Students studying outside the library

Wofford College presents two honorary degrees

May 14, 2006

SPARTANBURG, S.C. – Wofford College presented two honorary degrees on Sunday, May 14, during its 152nd Commencement Exercises at which 265 graduates received their diplomas.

The college also presented the prestigious Algernon Sydney Sullivan and Mary Mildred Sullivan Awards to two students and two non-students. The Roger Milliken Award for Excellence in the Teaching of Science and the Philip Covington Award for Excellence in the Teaching of Humanities and Social Sciences also were presented to faculty members.

Receiving honorary degrees were Russell C. King Jr., a 1956 Wofford graduate and former member and twice-chairman of the board of trustees; and the Rev. Dr. Marion Josiah Hatchett, one of the premiere liturgical scholars of the Episcopal Church of his generation and a 1947 graduate of Wofford.

Russell C. King Jr. was born in 1934 in Darlington, S.C., where his father, a Wofford alumnus, was the public school superintendent. After graduating from the local high school, King followed in his father’s footsteps to Wofford. He was a varsity baseball player and student leader while enrolled, graduating in 1956. Through the Army ROTC program, King was commissioned as a lieutenant and recorded eight years active and reserve service.

King joined Sonoco Products Co. in Hartsville, S.C., as a management trainee in 1956, leading to a nearly 40-year career with this major South Carolina public corporation. He worked in various capacities in sales, marketing and manufacturing before becoming a division vice president in 1973. His responsibilities increased through the years, and he was president and chief operating officer when he retired in 1994. Under King’s leadership, Sonoco became a multibillion-dollar international manufacturer of industrial and consumer packaging products with more than 15,000 employees.

From 1976 through 1988, King served on the Wofford College Board of Trustees and was its chair from 1986 until 1988. He returned to the board in 1994, and his term will expire in the spring of 2006. He served a second stint at chair of the board from 1998 to 2002. After a three-day board planning retreat in 1986, King was selected to chair a yearlong planning process involving more than 100 trustees, faculty, students, alumni and other friends of the college. The outcome was Wofford’s first masterplan, which generated energy and direction for the college for over 15 years. In more than 150 years, Wofford has had only 10 presidents, but King’s leadership of the presidential search committee in 2000 ensured a smooth and successful transition in the president’s office from Joab M. Lesesne to his successor, Benjamin B. Dunlap.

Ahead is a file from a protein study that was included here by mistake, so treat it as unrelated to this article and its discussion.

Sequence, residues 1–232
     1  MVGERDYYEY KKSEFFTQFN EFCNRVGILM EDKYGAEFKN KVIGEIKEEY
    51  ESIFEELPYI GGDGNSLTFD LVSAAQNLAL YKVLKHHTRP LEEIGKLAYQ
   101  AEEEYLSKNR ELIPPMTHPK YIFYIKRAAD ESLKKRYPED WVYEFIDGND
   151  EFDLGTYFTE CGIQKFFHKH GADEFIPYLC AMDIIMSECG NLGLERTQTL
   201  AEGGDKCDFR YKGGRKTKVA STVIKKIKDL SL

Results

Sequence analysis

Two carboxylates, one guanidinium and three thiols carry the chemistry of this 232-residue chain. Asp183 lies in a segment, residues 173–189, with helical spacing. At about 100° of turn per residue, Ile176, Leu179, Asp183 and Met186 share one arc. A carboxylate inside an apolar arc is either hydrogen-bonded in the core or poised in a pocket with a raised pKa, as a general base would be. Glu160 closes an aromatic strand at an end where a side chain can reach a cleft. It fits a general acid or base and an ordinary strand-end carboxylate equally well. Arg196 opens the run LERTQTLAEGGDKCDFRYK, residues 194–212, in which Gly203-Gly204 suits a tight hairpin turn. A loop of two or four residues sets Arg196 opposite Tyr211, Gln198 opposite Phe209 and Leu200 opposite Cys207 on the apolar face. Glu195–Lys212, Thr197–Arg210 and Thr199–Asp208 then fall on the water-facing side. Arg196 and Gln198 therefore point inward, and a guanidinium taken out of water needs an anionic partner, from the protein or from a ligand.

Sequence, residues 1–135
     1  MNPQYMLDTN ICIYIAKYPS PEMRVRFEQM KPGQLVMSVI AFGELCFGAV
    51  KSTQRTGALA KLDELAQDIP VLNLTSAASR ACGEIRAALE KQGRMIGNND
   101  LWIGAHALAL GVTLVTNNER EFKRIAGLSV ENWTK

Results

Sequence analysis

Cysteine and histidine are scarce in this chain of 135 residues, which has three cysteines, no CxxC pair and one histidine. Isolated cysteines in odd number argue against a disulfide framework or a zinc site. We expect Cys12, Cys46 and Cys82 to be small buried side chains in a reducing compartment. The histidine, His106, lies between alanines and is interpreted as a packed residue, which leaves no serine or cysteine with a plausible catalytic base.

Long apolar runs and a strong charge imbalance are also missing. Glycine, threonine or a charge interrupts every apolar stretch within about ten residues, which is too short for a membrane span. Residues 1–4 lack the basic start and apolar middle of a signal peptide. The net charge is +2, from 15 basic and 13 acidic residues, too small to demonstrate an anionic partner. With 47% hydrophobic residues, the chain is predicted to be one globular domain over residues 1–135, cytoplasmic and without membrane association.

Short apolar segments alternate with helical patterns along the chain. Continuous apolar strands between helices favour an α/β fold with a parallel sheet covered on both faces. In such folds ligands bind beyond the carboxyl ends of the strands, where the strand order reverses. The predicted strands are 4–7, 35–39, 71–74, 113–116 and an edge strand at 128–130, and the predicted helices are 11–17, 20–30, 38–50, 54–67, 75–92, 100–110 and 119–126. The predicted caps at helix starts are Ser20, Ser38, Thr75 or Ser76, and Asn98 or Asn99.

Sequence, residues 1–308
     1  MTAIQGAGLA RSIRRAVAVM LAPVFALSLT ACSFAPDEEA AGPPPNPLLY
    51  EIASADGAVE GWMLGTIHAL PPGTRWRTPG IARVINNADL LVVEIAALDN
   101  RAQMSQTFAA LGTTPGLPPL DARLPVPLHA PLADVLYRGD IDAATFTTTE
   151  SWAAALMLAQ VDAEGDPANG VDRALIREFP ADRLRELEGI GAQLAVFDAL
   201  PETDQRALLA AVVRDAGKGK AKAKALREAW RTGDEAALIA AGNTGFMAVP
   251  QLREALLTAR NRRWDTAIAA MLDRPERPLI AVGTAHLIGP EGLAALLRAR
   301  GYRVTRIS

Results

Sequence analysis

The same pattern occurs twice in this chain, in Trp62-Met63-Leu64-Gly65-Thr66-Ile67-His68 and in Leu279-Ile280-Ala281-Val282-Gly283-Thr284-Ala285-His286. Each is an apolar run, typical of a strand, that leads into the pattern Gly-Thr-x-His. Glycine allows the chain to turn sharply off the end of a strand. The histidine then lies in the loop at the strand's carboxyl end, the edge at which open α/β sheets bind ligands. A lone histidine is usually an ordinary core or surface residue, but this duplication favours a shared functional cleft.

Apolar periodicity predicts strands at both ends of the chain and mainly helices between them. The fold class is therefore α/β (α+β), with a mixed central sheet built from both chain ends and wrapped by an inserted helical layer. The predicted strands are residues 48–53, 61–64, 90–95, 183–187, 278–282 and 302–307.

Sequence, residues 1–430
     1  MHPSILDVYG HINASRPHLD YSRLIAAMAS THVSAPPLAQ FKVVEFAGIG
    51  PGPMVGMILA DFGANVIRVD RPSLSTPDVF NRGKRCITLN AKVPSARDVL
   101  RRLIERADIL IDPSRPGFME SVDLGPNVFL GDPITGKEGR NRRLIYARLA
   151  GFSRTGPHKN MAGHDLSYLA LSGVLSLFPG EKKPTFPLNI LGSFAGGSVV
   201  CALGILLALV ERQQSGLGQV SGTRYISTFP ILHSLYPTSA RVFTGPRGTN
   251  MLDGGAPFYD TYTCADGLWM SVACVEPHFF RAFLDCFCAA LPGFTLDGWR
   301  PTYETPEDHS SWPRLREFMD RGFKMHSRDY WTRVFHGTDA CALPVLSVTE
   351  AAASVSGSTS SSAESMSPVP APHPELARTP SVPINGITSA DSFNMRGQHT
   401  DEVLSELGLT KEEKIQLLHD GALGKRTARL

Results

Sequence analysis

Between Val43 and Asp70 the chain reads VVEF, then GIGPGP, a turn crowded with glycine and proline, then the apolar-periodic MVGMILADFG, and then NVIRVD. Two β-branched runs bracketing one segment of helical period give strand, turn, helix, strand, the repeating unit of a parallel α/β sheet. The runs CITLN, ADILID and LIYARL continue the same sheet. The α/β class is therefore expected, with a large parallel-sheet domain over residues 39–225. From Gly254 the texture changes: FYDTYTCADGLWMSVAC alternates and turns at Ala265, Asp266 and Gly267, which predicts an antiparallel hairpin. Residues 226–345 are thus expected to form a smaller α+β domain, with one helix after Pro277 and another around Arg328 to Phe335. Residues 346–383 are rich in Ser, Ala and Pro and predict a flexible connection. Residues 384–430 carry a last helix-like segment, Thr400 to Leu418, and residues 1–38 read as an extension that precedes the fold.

King chaired the Great Expectations Campaign for Wofford, the largest and most comprehensive fundraising program in college history. The initial goal for the effort was $71.5 million, but more than $90 million was realized by its formal conclusion in 2001. The college’s endowment reached $100 million during his chairmanship, and he was instrumental in the planning for dramatic enhancements to the central campus landscaping and the development of the Roger Milliken Science Center. In his own right, King has been a major donor to the college, and his recent seven-figure gift make it possible to build the Russell C. King Field and return NCAA Division I baseball to the campus.

The Rev. Dr. Marion Josiah Hatchett is known by his peers and other colleagues as one of the premiere liturgical scholars of the Episcopal Church in his generation. A 1947 graduate of Wofford, Hatchett earned a bachelor of divinity from the School of Theology at the University of the South (Sewanee) in 1951, and began a 15-year career in the parish ministry of the Episcopal Church. His service in the local church during that period was all in South Carolina, including time in Spartanburg, Gaffney, and Charleston.

Hatchett seized the opportunity to join the faculty of the School of Theology at Sewanee in 1969, and has remained there since, officially retiring in 1999. He continues today to serve the school as an adjunct professor, teaching Hymnody for the Christian Church.

He served on the drafting committees of the Book of Common Prayer (1973-76) and on the Standing Liturgical Commission (1976-82). He was convener and chair of the ecumenical committee which produced the “Common Eucharistic Prayer,” included in the Book of Common Prayer as Eucharistic Prayer D, and in various other liturgical books in the USA and abroad. He was chair of the committee which produced the first Book of Occasional Services (1979). Hatchett served on the Standing Commission on Church Music, serving as chair of the text committee for The Hymnal 1982 (the primary Episcopal hymnbook today). He is also a leader in the ongoing dialogue between the Episcopal church and the Moravian church.

Hatchett has been widely honored. In 1999, he was featured in the Episcopal periodical The Living Church as one of the five “Shapers of the Church in the Twentieth Century.” At the time of his retirement that year, he was honored with the publication of a festschrift, edited by the Right Rev. Dr. J. Neil Alexander, “With Ever Joyful Hearts,” to which 23 international scholars contributed essays in tribute to Hatchett.